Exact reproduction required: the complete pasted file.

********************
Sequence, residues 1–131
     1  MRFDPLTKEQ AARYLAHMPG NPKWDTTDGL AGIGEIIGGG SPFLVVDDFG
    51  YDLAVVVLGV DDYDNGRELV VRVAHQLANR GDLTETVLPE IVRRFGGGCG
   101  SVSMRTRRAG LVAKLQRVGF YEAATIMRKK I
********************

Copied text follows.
Sequence, residues 1–131
     1  MRFDPLTKEQ AARYLAHMPG NPKWDTTDGL AGIGEIIGGG SPFLVVDDFG
    51  YDLAVVVLGV DDYDNGRELV VRVAHQLANR GDLTETVLPE IVRRFGGGCG
   101  SVSMRTRRAG LVAKLQRVGF YEAATIMRKK I